Wall Street and European investment banks have an acute sense of buyer’s remorse.
After firms bulked up with expensive hires during the frenetic pandemic period when mergers and stock offerings took off, equity capital markets desks are bracing for a wave of job cuts amid a collapse in deal flow, according to people familiar with the matter at banks on both sides of the Atlantic. M&A and leveraged finance jobs are also at risk, the people said.
The Russian invasion of Ukraine, fear of recession and scorching inflation in the U.S. and Europe are coalescing to make for one of the worst slumps for investment bank dealmaking since the global financial crisis. That’s shown up in a plunge in fees as Wall Street banks reported second-quarter earnings this week.
Executives across a range of firms — including Bank of America Corp., Citigroup Inc. and UBS Group AG — have held early discussions on whether they’re overstaffed for the activity expected over the next year, said the people, who asked not to be identified because no decisions on whether to cut jobs have been made. A round of dismissals industry-wide is expected after the summer unless an unlikely September surge in activity arrives, the people said.
Bank of America declined to comment, while Citigroup executives said during its earnings conference calls that no job cuts are planned. UBS didn’t immediately comment.
Citigroup chief executive Jane Fraser said her firm wouldn’t overreact to a slow period as it’s been hiring “some very strong bankers” to take business from rivals.
“It always takes a few years to build share and build out the client relationships and to see the full fruits of those investments,” Fraser said Friday. “You’re going to see us take a strategic look at this and a long term look rather than just shooting from the hip.”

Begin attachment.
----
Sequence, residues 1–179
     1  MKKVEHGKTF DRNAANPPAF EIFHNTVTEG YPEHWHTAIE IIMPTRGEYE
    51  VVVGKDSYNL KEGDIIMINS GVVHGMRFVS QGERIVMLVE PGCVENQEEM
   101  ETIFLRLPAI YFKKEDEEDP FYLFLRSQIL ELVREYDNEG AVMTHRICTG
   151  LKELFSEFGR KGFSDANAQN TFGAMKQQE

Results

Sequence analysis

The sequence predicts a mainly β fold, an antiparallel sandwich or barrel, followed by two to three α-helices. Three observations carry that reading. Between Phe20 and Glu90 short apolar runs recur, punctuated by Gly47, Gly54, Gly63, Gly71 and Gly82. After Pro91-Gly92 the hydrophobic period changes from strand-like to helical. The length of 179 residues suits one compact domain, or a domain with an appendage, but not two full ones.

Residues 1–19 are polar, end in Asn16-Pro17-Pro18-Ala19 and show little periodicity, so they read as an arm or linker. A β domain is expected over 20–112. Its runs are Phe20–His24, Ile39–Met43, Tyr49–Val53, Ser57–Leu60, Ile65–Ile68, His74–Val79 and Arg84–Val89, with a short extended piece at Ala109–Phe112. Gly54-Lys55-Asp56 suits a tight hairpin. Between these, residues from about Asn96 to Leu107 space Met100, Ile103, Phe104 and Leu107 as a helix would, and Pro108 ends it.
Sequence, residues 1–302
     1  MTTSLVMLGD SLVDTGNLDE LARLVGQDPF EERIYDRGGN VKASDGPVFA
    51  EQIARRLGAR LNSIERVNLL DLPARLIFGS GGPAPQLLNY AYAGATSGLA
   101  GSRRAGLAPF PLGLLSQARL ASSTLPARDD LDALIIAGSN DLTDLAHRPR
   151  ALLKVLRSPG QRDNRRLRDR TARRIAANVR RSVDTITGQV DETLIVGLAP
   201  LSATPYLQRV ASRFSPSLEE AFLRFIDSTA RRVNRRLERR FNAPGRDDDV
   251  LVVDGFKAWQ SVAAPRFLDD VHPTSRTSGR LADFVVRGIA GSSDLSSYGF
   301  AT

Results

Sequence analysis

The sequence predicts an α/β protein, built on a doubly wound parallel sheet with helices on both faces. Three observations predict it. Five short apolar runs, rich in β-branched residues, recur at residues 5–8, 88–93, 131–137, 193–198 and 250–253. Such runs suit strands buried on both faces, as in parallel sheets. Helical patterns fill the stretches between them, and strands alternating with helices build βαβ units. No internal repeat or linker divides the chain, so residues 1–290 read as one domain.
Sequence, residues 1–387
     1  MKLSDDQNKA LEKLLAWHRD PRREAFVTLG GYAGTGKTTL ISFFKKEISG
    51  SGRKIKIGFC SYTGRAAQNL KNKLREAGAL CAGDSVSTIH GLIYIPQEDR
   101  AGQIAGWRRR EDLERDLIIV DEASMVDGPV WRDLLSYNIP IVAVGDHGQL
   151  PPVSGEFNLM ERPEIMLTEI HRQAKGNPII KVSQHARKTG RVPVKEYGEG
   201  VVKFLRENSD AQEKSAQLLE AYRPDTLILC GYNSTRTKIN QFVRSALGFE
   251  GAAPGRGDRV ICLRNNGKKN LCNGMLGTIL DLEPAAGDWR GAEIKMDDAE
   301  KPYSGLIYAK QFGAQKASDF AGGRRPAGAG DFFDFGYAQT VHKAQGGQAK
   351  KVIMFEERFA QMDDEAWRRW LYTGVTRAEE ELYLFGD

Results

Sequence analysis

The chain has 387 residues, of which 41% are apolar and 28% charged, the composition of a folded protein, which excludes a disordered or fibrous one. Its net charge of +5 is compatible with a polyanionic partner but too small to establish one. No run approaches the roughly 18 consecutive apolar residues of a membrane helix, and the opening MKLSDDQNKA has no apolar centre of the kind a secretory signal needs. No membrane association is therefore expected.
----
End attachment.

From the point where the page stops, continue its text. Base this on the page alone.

During the height of the coronavirus crisis, banks rapidly built up teams to help deal with a boom in equity issuance. As governments unleashed a wall of money to help buoy companies and support the economy, valuations reached record levels, propelling never before seen levels of initial public offering activity.
But the geopolitical tensions, combined with supply chain snarlups, heightened volatility and greater uncertainty on the speed and severity of rate increases have rapidly turned that boom into a bust. In addition, surging inflation, and the risk that central banks could trigger recession with their efforts to rein it in, has depressed valuations and kept issuers on the sidelines.
The strain is leading some banks to exert pressure on juniors, often poached at hefty pay packages from rivals, the people said. Young bankers on ECM desks are being asked to reconsider holiday plans to instead research and prepare in the summer amid hopes of an uptick of activity during the second half, some of the people said.
Junior bankers at some firms have also been set client meeting targets for the July-August summer period, which may prove to be a challenge with most clients off for the summer break themselves, the people added.
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Almost US$40 billion of equity offerings have priced on European exchanges this year, according to data compiled by Bloomberg. That’s down by more than two thirds on the same period in 2021, the data show.
The pain is already showing up in the results of some of the biggest U.S. lenders. JPMorgan Chase & Co. said on Thursday that it’s suspending share buybacks amid a 54 per cent drop in investment-banking fees caused by dramatic market moves stymieing deals. Morgan Stanley posted a similar decline, driven by an 86 per cent drop in equity underwriting fees. Citigroup’s debt capital markets revenue plunged to the lowest in more than a decade, according to Bloomberg Intelligence data.
The slump is being partially offset at least by continued volatility-driven gains in trading. At JPMorgan, trading revenue jumped 15 per cent in the second quarter from a year earlier, the second-best quarter in the New York-based bank’s history.